Author: Michael Guthrie
Narrator: Em Eldridge
From: Review Copy
Genre: Sci-fi, Dystopian, Young Adult
Release Date: 6th May 2015
Jada is just 17 years old with her whole future ahead of her, even after the disappearance of her father. Jada’s grandfather is one of the lead scientists in the creation of a new substance, Vitrium, a substance that is stronger and more flexible in use than any other previously made. Knowing that Jada is interested in a career in nanotechnology, and having a close relationship with her, her grandfather tells her his secret. But someone else is after the knowledge that Jada’s grandfather has, and they will stop at nothing to get it, sending Jada on the flight of her life.
Where to start with this review! Being an audiobook, Vitrium takes me a lot longer to read than other books (because of when I listen to them, and also the fact that I can actually read faster than I listen anyway) and so I find myself somewhat more tolerant of things that would annoy me in written word. In this case it was the use of big words. Now I’m all for a bit of eloquent prose, and Guthrie definitely provides that for the most part, but every few paragraphs or so there was a word that I didn’t understand, which did make me think that if I’d read this book rather than listened, I may have given up.
However I did enjoy Vitrium, which makes me glad that I listened rather than read! The world which Guthrie created was interesting, detailed and above all; plausible. The way that the world economy was set up, and the way that technology integrated the lives of people worked for me. As did big brands such as Tesco (a supermarket for anyone that doesn’t know) changing for the new world. Guthrie clearly thought deeply about his future and honestly it kind of scared me!
This was one of those books where there was a lot of scene setting. The listener found out a lot about Jada’s life as it was and her strengths/wants, but the big thing about it was that it all turned out to be relevant! There were some scenes where I did wonder what the true point was, but then when it came to the main action of the book (probably about 60-65% of the way through) it did all become clear, which I definitely liked.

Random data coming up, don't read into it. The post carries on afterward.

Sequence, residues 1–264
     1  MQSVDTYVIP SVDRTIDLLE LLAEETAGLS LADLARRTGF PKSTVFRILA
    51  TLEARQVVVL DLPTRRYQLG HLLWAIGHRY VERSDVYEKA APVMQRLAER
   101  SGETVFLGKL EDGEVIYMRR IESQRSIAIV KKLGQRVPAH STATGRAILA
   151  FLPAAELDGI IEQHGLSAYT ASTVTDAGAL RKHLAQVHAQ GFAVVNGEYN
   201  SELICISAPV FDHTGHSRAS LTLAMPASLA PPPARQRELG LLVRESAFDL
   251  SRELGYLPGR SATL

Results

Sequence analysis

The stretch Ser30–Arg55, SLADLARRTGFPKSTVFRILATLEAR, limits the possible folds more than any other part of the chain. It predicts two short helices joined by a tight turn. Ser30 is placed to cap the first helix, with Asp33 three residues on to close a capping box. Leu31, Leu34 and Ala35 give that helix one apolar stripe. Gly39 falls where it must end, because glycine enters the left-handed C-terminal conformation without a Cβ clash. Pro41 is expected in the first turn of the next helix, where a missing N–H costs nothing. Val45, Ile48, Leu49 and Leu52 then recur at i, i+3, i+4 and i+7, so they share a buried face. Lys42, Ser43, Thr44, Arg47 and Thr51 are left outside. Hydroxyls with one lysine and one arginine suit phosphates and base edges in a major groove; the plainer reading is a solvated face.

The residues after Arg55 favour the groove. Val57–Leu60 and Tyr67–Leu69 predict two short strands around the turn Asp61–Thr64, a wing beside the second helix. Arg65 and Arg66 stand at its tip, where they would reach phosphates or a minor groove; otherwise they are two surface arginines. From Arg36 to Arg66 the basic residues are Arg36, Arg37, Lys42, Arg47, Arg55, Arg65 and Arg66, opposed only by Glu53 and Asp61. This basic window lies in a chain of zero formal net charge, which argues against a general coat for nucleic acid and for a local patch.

Jada as a character was 17. She clashed with her Mom and her brother, she had a close relationship to her Grandfather, she rebelled, she had a crush. There was nothing to disbelieve in her character, she acted like a 17 year old girl should, which I really liked. So often heroines seem to act above their age and this one didn’t!
Though there was a crush on Jada’s part, and the potential start of two romances (she’s 17 no one should expect her to be all out in love and settle down!) neither played a big role in the book, they were just part of life, and I liked that. It was so different from the romance being the central theme of YA!
Normally I talk about the narrator first, though I’m not too sure why I haven’t this time. Eldridge’s performance was spot on, and this can’t have been an easy audiobook to get right with all the various accents. I liked how she not only managed to capture each character differently, but she also captured each nationality differently (and there were a lot!). This was definitely a performance not a reading!
There’s a lot going on in Vitrium, and I certainly wouldn’t refer to it as an easy listen at times, but it is a good solid story, with fantastic world building and a narrator that really makes it!